As excessive heat and smoky air continue to bear down in the region, Palo Alto has opened a cooling center in the El Palo Alto Room at Mitchell Park Community Center for residents who need shelter from the heat. The center will be open 10 a.m. to 6 p.m. from Monday through this Friday, according to a Sept. 7 announcement from the Palo Alto Police Department.
The heat wave, which pushed the temperature in Palo Alto to 108 degrees on Sunday, according to The Weather Channel, is expected to continue through the coming week, and the National Weather Service has announced a Red Flag warning through Wednesday morning due to possible wind and other weather conditions. Smoky conditions from multiple wildfires burning throughout the state also are expected to remain for at least the next few days.
Spare the Air alerts issued through Wednesday
The murky haze of smoke and smog over the Bay Area is expected to linger for at least two more days and a Spare the Air alert has been extended through Wednesday, air district officials said Monday.
A record-breaking streak of Spare the Air alerts for the region is in its fourth week, with Tuesday and Wednesday the 22nd and 23rd consecutive days.
"The Labor Day weekend heat wave, combined with tailpipe exhaust and lingering wildfire smoke, is expected to cause unhealthy air quality in the region," said Jack Broadbent, executive officer of the Bay Area Air Quality Management District.
The air district urges residents to drive less and stay indoors to protect their health during smoggy and smoky days.
On Tuesday, light winds along with scorching inland temperatures and car exhaust are predicted to cause unhealthy smog, or ozone, accumulation in the Bay Area.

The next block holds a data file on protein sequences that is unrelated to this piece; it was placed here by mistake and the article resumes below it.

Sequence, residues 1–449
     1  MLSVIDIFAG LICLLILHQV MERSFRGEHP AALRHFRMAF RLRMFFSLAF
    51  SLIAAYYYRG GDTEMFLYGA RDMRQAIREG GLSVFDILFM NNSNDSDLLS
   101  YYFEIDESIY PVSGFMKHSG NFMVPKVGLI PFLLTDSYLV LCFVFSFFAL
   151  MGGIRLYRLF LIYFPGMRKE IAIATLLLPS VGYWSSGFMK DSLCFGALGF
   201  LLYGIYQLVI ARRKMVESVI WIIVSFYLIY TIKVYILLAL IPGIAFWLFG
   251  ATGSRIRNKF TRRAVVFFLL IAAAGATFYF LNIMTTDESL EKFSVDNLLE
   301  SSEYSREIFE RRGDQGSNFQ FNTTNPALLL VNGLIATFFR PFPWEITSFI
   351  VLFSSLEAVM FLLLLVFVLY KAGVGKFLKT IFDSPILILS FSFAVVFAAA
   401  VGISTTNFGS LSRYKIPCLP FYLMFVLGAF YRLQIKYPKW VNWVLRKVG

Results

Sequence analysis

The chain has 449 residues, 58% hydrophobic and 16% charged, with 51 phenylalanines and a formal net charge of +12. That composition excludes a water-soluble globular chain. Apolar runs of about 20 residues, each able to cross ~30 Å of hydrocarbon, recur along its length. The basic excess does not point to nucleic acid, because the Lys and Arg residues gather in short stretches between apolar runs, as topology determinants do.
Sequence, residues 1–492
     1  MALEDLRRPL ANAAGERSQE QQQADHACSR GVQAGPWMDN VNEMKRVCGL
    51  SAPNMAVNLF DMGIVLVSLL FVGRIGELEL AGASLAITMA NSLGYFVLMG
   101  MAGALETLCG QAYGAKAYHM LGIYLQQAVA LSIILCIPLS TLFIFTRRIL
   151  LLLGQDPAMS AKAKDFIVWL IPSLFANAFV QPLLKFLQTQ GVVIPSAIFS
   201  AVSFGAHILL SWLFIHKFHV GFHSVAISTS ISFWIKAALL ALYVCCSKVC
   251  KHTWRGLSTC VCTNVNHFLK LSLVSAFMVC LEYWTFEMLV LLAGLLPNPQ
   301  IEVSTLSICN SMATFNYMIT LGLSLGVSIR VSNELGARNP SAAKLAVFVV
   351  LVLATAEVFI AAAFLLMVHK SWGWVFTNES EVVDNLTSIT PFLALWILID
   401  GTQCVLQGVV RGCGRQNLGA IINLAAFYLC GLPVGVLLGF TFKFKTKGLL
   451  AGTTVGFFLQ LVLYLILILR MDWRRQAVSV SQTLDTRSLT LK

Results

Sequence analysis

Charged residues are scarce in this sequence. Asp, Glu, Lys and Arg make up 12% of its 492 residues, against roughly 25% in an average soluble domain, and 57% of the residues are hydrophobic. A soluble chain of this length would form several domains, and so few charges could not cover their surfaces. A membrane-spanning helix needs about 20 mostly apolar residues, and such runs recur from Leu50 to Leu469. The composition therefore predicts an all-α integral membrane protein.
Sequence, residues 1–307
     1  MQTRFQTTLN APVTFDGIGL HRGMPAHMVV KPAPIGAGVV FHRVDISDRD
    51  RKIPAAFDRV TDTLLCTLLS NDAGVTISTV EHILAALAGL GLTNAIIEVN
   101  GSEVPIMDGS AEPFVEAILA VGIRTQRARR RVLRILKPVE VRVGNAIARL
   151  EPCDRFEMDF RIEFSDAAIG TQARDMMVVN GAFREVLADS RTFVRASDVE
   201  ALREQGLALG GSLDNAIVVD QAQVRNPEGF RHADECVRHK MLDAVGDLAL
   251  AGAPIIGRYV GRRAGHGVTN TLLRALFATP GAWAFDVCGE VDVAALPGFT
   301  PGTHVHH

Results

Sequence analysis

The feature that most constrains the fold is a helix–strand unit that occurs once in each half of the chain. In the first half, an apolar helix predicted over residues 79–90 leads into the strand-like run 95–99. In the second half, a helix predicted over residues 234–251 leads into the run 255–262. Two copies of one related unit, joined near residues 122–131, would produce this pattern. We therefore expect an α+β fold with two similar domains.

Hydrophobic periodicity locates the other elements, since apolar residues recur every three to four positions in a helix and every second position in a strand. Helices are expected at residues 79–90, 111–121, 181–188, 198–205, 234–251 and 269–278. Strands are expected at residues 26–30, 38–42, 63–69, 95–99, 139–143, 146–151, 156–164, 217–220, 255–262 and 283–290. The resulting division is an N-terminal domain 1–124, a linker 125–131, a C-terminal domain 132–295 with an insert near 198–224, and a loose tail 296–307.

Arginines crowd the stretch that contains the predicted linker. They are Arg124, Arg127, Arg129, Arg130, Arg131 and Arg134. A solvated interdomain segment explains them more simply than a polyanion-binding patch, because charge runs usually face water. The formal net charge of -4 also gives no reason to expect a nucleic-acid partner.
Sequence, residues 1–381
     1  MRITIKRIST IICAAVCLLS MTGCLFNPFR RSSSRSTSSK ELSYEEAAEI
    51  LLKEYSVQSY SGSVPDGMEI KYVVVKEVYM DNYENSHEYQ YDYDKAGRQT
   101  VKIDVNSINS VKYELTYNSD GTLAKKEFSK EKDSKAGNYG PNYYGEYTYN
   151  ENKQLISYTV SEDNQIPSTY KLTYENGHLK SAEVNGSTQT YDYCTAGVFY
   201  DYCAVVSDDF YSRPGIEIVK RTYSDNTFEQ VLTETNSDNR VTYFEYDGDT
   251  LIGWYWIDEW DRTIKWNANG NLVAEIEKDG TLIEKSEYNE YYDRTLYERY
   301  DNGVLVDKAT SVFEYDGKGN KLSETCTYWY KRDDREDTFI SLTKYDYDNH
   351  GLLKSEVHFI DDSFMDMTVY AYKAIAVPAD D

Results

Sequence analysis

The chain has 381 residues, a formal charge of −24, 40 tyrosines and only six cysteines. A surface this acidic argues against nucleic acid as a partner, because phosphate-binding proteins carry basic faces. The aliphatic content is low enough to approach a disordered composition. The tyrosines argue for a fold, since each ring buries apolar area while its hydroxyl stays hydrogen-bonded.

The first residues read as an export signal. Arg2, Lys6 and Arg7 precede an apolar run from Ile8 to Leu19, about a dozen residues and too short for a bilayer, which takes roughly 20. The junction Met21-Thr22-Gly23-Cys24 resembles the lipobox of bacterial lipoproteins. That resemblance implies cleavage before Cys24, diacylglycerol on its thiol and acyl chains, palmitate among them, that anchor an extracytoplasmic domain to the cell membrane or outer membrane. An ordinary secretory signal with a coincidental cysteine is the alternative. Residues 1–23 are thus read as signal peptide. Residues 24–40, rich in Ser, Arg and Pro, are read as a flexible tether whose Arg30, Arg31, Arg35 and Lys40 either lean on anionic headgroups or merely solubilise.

Through Wednesday, smoke from the Woodward Fire in Marin County and the August Complex in Mendocino County are expected to bring isolated areas of unhealthy air to areas of the North Bay, San Francisco, portions of the East Bay and potentially Vallejo.
It is illegal for Bay Area residents and businesses to use fireplaces, wood stoves, pellet stoves, outdoor fire pits or any other wood-burning devices during a Spare the Air Alert for particulate pollution.
Smoke can irritate eyes and airways, causing coughing, a dry scratchy throat and irritated sinuses. Elevated particulate matter in the air can trigger wheezing in those who suffer from asthma, emphysema or COPD. Elderly persons, children and individuals with respiratory illnesses are particularly susceptible to elevated air pollution levels and should take extra precautions to avoid exposure.
Ozone, or smog, can cause throat irritation, congestion, chest pain, trigger asthma, inflame the lining of the lungs and worsen bronchitis and emphysema. Long-term exposure to ozone can reduce lung function. Ozone pollution is particularly harmful for young children, seniors and those with respiratory and heart conditions. When a Spare the Air Alert is issued, outdoor exercise should be done only in the early morning hours when ozone concentrations are lower.
People can find out when a Spare the Air alert is in effect by visiting sparetheair.org, calling 800-HELP-AIR (4357-247), downloading the Spare the Air smartphone app for iPhone or Android devices or connecting with Spare the Air on Facebook, Twitter or YouTube.